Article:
Well, hey there. Great to see you here. Welcome to this blog and today we're going to be investigating the art of listening. In other words, how to really hear people, and let them feel heard. I know this is a place where I could really improve, I’m on a journey with this too, so I’ll definitely be watching this video to the end and implementing the strategies and behaviours suggested here. Watch the video, or read the blog below!
So, why bother being a good listener? I think for one, it can fundamentally change the quality of our relationships at work, at home, socially, and even online. I think it applies to both zoom chats as well as in-person conversations.
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Topic One: How to listen. So the first thing to do is to be present. Take a deep breath and try and breathe deeply and consciously while listening. And one of the best ways of really being present is to ground yourself – in other words, be in your body. To do this, feel your body in the seat, but also feel your feet on the ground. Another deep breath, grounding down to the feet. Our feet can be incredible allies for getting out of reactivity and our heads.
And you can take that even deeper and create a sense of spaciousness – so that you're focused on what's being said and you're at home home in your body, but also simultaneously you open up a sense of spaciousness. And the object really is to be fully present with that person - and yourself. And so it goes without saying, but it'll go with saying too, that we should turn off notifications on our phones – dare to go 100% silent mode. Where possible, it’s a good idea to avoid having TVs, monitors or distracting street scenes in our line of sight. Move if you need to – if something is distracting you, move so you can give them your full attention.
Okay, so then: now we're sitting in our bodies, listening, what’s now? One of the first things that we need to do is to quit composing replies while they speak. In other words, clear our mind and just listen. Aim to not interrupt – so if you need to sit on your hands, do so!
And I think one of the most beautiful things we can do is upgrade from listening from our heads, processing everything they say through our genius supercomputer upstairs. The invitation here is to drop into our bodies and specifically actually listen from our hearts. And many of the ancient spiritual traditions of the world speak of this: that our mind and the center of our being is actually in our heart-center, right here. In our modern culture it's not much like that. But in mystical Christianity they spoke of oculus cortes, which translates as ‘eyes of the heart’, and in Buddhism it's called heart-mind. So when we drop into the heart, I think it has an extraordinary ability to allow us to listen for a completely different place, which is an incredible gift to offer other people. So we allow our awareness to be centered in the heart. Got it?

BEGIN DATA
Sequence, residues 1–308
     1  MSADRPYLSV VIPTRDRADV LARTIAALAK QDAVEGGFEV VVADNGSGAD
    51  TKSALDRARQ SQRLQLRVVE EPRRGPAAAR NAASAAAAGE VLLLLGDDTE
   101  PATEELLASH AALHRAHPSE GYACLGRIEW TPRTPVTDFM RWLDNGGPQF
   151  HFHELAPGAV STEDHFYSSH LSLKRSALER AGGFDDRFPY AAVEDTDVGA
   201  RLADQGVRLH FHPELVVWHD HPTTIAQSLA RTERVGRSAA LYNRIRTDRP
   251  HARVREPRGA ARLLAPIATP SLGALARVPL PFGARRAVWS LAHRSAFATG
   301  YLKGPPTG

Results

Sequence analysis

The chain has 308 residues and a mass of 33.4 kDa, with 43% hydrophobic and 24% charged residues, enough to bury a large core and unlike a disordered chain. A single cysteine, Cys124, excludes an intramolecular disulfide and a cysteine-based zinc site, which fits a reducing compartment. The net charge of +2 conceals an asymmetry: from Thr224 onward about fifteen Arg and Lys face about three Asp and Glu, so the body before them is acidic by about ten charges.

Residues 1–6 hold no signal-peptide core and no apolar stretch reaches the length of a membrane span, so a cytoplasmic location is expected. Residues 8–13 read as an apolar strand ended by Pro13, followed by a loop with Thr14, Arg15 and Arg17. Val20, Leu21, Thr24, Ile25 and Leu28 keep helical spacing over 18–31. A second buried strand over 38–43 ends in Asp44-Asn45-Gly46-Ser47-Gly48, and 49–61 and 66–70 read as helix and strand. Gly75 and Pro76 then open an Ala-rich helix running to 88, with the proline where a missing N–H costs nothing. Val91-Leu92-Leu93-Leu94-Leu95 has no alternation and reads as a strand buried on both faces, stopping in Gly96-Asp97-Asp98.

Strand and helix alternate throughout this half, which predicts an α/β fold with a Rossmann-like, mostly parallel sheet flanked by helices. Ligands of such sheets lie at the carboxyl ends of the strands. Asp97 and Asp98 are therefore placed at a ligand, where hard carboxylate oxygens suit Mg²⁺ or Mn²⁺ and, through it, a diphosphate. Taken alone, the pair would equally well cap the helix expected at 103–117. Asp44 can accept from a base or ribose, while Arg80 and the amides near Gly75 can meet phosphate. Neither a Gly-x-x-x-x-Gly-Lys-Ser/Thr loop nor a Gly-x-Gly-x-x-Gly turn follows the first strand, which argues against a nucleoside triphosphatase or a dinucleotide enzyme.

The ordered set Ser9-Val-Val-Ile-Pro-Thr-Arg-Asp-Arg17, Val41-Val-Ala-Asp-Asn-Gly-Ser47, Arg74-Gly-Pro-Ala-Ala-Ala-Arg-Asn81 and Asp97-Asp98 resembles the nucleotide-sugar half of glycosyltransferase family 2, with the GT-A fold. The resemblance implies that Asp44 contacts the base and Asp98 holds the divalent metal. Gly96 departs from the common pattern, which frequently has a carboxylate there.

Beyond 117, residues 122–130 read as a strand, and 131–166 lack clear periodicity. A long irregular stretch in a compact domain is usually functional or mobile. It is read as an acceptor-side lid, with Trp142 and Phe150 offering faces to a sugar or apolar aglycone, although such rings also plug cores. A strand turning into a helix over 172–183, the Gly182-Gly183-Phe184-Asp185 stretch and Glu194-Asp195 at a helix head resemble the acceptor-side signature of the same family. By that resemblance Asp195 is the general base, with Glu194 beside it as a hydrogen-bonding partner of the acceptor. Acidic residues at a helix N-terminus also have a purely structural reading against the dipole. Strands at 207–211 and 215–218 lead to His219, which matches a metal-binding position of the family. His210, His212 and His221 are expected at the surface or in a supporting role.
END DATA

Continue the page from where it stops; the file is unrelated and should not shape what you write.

And then on a more basic level, we can show that we're listening on the behavior level by nodding and moving our body. Maybe not so much that it looks like we are jonesing for more coffee, but just to nod and move the body as they speak/ I know this sounds basic, but some of us might have developed habits of not doing this. I myself developed a very mystical, meditative ‘stillness listening posture’ that wasn't very connecting or good for listening and a dear friend thankfully pointed it out to me. I like to call this phase my Namaste Face phase, and I think I maybe became a caricature of myself as a teacher / healer. Lord help me.
So just notice if you find yourself frozen, or with your arms crossed or any other body language that essentially says “I’m not listening to you” or “I’m blocking you”, or “I’m in outer space”.
These will not be great signals to the speaker, and both sets of nervous systems can shut down in the process. And so even if you've had an argument and it's tough and you find yourself shutting down, or you’re shy, perhaps the invitation here is to open your body and be open and present with the other.
Next! Making space for their voice. One of the most beautiful things we can do as a listener is to give them the gift of our full, open attention… receive what they are saying completely. To help you focus, you can even imagine that you have to repeat back everything that they say afterwards. So you'll listen very carefully, really hear and retain everything that they say.
Another mindset shift is to let them teach you – have an attitude that you’re going to learn from the person, no matter who they are and what they say. Be genuinely interested in their point of view, no matter what.
A deeper aspect of this is to really allow and accept their opinion, point of view and perspective about the world as they speak. This can be very hard for us. We are mostly very threatened by other people’s point of view - if they don’t agree with our politics, spirituality, view on ecology, we can become very angry and afraid at the same time. So sitting and listening to them - hearing them out and breathing, grounding and making space inside – can help us open up to a world where lots of opinions and points of view are OK.